Section 148 of the Indian Contract Act, 1872 defines the term Bailment, that upon a contract when one person delivers goods to another for some purpose and when the motive is achieved. That bail was either returned or else disposed of according to the directions discussed earlier in the contract of the person delivering them. Thus the Law of Bailment involves the transfer of possession from one person to another. The title of ownership did not get affected in this case.” bailor” is the one who delivers the goods. And “bailee” is another person to whom goods are delivered.

Essential Elements of the Law of Bailment

  • Delivery of possession.
  • Delivery of Goods upon contract.
  • Delivery of Goods for purpose.

How Bailed goods delivered to the bailee

Section 149 of the Indian Contract Act states that when the bailee made delivery by doing anything which has the effect of putting the possession of the goods of any person authorized to hold them on his behalf. Then, bailment happens between the parties.

Delivery of possession is of two types.

  • Actual delivery- when goods possession is delivered from the bailor to bailee, then actual delivery happens. 
  • Constructive delivery- physical transfer of goods does not happen here. Goods are remaining with bailor only, but something decided which has the effect of putting them in possession of bailee. 

Duty of Bailor

  • Duty of bailor to disclose faults in goods bailed- Section 150 of contract act, binds the bailor to reveal all the defects of goods bailed which he knows. And if he is not doing so, he will be responsible for damage arising from such faults directly to the bailee.

Duty of Bailee

  • Duty of reasonable care
  1. Section 151 of the act binds the bailee to take as much care of the goods bailed to him as a prudent man takes care of his goods.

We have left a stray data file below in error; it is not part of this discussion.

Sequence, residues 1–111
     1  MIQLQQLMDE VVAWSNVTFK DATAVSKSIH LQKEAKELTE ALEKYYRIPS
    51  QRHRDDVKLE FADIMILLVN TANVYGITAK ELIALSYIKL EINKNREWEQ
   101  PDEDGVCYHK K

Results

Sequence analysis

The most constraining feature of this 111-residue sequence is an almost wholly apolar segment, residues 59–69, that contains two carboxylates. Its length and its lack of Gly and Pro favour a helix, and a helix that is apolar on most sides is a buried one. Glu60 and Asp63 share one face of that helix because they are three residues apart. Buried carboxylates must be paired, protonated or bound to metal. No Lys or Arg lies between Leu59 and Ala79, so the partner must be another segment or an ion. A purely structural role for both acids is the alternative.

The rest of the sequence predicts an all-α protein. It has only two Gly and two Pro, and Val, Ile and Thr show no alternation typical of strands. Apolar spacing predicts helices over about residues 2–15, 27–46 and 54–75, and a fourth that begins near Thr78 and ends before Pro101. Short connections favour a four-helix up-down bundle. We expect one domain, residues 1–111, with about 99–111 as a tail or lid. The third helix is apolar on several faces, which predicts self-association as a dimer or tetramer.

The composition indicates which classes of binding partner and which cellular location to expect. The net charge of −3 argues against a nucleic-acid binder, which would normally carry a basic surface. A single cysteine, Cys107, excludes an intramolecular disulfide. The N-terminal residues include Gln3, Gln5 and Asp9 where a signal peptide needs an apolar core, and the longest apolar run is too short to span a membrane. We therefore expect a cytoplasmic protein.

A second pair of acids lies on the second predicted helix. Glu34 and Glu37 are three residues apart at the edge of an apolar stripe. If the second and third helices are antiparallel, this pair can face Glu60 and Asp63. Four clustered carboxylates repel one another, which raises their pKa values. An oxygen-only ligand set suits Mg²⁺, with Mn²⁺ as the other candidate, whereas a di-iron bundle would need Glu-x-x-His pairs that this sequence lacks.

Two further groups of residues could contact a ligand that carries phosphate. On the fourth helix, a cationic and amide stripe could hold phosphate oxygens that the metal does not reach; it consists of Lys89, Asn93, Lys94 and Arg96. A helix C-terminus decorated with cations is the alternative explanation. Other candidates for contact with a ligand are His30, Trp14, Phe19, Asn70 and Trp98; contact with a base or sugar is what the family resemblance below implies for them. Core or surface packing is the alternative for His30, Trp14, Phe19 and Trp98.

2. Section 152 states that if the bailee has taken due care, he is not responsible for loss, deterioration, or destruction of goods bailed.
  • Duty not to make unauthorized use

Section 154 of the provides that the bailee is liable to compensation if he makes any use of the goods bailed that is not according to the conditions of the bailment.

  • Duty not to mix goods
  1. Section 155 of the act states that if the bailee mixes the bailor’s goods with his goods but with the bailor’s consent, the bailor and bailee shall share an interest in proportion to the mixture produced.
  2. Section 156 states that if the bailee mixes the bailor’s goods with his goods which is separable. Without the bailee’s consent, then the bailee is bound to give the expense of separation and any damage arising from the mixture.
  3. Section 157 holds the bailee liable to pay compensation for the loss of the goods by mixing the bailor’s goods to his goods which cannot be separated and mixed without the bailor’s consent.
  • Duty to return goods bailed
  1. Section 160 of the act provides bailee duty to return or deliver goods bailed according to the direction of bailor as soon as the time expired for bailment, or the purpose has been accomplished for goods bailed.